Beware of ghosts at cemetery? NEA says warning signs have been tampered with

Aqil Hamzah
The Straits Times
Feb 22, 2024

Netizens were more tickled than spooked when a photo of a sign reportedly installed at a cemetery went viral on social media for its warning against ghost sightings.

In the photo, a warning sign for potential hazards shows an image of a trio of ghosts next to other standard icons, such as a snake and a tree falling.

The National Environment Agency (NEA) has confirmed it owns the sign, and said the ghost warning is a prank by vandals.

The icon of a person slipping was covered by a bogus ghost sticker.

A picture of the vandalised sign was first posted on Facebook on Feb 18, with its location said to be Bukit Brown Cemetery, which was officially closed for burials in 1973.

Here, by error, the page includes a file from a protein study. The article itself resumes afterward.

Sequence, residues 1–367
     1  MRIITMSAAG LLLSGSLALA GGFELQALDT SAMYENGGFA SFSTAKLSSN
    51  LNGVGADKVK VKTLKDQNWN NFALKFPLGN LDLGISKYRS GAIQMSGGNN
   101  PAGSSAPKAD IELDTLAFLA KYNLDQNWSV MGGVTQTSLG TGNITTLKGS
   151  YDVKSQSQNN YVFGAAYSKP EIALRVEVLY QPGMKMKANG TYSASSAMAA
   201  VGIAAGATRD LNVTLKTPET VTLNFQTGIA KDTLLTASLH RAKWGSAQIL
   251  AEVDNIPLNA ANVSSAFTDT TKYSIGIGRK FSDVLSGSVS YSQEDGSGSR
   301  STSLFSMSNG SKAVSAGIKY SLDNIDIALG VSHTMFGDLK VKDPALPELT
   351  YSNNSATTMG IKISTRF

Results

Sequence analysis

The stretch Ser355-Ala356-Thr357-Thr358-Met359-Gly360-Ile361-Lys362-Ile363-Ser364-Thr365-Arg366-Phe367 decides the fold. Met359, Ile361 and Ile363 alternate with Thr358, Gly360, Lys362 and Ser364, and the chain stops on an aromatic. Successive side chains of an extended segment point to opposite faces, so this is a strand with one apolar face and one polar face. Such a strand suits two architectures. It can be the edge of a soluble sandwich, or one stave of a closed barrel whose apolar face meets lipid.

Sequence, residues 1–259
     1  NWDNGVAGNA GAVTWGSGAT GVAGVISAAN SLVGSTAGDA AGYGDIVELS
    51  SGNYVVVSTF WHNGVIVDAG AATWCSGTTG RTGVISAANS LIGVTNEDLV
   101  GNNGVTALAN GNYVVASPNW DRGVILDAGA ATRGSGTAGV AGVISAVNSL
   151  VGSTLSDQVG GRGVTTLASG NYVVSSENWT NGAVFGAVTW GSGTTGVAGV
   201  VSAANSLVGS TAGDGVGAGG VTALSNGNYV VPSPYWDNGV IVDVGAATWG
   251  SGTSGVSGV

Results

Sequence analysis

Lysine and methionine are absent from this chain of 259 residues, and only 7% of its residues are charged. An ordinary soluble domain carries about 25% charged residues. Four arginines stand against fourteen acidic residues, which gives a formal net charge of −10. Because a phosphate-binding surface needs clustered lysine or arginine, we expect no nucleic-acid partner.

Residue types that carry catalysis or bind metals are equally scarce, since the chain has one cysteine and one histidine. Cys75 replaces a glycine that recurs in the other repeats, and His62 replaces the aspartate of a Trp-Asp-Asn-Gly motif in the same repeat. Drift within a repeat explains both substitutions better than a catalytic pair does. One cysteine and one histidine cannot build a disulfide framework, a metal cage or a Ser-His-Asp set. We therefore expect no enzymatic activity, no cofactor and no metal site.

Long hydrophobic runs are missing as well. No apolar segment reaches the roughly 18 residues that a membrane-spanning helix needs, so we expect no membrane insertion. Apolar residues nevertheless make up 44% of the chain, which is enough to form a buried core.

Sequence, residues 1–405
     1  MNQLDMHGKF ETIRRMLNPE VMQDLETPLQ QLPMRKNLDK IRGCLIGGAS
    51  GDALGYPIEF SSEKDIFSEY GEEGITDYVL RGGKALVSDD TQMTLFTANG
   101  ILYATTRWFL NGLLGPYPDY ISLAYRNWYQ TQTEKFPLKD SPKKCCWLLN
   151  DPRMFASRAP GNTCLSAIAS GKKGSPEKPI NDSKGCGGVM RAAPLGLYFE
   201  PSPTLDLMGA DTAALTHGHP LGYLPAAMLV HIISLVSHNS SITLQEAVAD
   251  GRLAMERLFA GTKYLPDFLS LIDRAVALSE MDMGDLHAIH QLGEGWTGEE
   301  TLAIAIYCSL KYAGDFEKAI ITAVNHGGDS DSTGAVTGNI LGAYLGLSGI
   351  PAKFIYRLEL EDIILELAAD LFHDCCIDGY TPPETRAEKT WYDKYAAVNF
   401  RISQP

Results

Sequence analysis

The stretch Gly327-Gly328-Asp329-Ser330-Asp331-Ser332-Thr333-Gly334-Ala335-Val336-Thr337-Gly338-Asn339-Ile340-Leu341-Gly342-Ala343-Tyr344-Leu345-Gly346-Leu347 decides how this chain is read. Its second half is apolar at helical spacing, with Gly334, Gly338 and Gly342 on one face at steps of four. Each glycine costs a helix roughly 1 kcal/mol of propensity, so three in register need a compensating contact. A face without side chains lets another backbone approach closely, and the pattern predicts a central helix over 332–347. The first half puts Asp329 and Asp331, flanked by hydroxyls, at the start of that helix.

NEA said that after it was alerted to the Facebook post, it conducted inspections at a closed cemetery on Feb 19 and found that several of its other warning signs also had the same sticker pasted on them. It did not confirm if the signs were located at Bukit Brown Cemetery.

“All the stickers have since been removed,” said the statutory board.

This is not the first prank involving an NEA sign.

In 2020, NEA posted on Facebook that there was an image of a pontianak-like figure on a warning sign at a cemetery being circulated on social media, and said it was a hoax.

It said the image of the warning sign had been doctored, and shared an accompanying image of the original warning sign.

Reacting to the latest vandalised signs, one Facebook user Stephen Ong joked that the ghost sign is for people living with a guilty conscience.

Another user Asagi Wan said: “Seen dogs – yes. Seen ghost – no. Want to see them? No, thank you.”

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